For myself — by the time this sees print I’ll have been living an ocean away from my fiancé for six months. The only thing that’s made the separation anywhere near to bearable has been filling every hour of every day with more work than I can feasibly deal with. Some of that work was for a graduate Canadian Literature course taught by Jennifer Henderson, called “Making Settler Colonial Modernity.” It was amazing, an utterly brain-breaking revelation of a course, and one of the ways in which I found myself processing the material was through fiction; since it was structuring so many of my own daily thoughts, I found myself using the theory to structure Madeleine’s as well.
Since this is a piece about involuntary memories, and you even quote Proust at the beginning, I have to ask: Have you read In Search of Lost Time? Also, how do you feel about madeleines?
To my shame, I haven’t. The Proust is all Michael Damien Thomas’ fault. Back when this was still a time-travel story, I was describing the idea to him, and he said “Oh! Like Proust and the time-travelling madeleine!” When I asked what he meant, he explained about the famous passage. I googled it and stared and stared and stared and decided on my protagonist’s name, and the story suddenly had a foundation in text.
I was uncertain about keeping the quote at the beginning of the story, but I’d kept it there as a sort of story-compass during the writing process and the story felt oddly incomplete without it.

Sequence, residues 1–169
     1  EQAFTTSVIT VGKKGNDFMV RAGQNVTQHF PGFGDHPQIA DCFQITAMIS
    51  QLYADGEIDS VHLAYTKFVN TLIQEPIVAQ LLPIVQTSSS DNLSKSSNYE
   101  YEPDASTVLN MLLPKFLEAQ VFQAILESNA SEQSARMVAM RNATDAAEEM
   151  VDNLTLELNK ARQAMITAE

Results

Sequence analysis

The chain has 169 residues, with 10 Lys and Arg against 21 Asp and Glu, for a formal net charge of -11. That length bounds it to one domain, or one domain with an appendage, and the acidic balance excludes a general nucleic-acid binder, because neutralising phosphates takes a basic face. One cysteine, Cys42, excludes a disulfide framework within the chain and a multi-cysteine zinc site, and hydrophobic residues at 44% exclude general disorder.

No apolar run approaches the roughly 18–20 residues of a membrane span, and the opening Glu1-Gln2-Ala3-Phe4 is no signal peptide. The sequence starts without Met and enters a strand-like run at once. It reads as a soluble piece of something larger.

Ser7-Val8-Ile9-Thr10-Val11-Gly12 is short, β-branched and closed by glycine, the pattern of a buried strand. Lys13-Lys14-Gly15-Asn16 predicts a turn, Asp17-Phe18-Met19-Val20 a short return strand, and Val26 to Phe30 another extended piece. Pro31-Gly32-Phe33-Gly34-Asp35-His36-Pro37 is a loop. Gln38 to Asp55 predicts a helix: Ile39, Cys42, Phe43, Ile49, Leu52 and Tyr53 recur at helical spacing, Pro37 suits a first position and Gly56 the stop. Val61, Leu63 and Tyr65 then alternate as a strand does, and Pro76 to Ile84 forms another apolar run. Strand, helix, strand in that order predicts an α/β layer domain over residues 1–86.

You are a reviewer, a scholar, a writer of prose, and a poet. How do you wear all those hats?
With increasing difficulty! The hats are like Tupperware. At first they stack neatly, each has a lid and a space in which it fits. But then they change. They warp in the microwave or dish-washer. The lids don’t fit. You lose the lids. You start trying to keep the food in with foil and plastic wrap but the plastic wrap won’t stick to the sides and meantime your leftovers are going stale outside the fridge or mouldering at the back of the fridge because things no longer stack so stuff hid behind other stuff and you overdid the foil on one and couldn’t see inside it so didn’t realize it was a week overdue being eaten and the only solution seems to be to buy new containers but the old ones still have food inside them and there’s no room there’s never any room —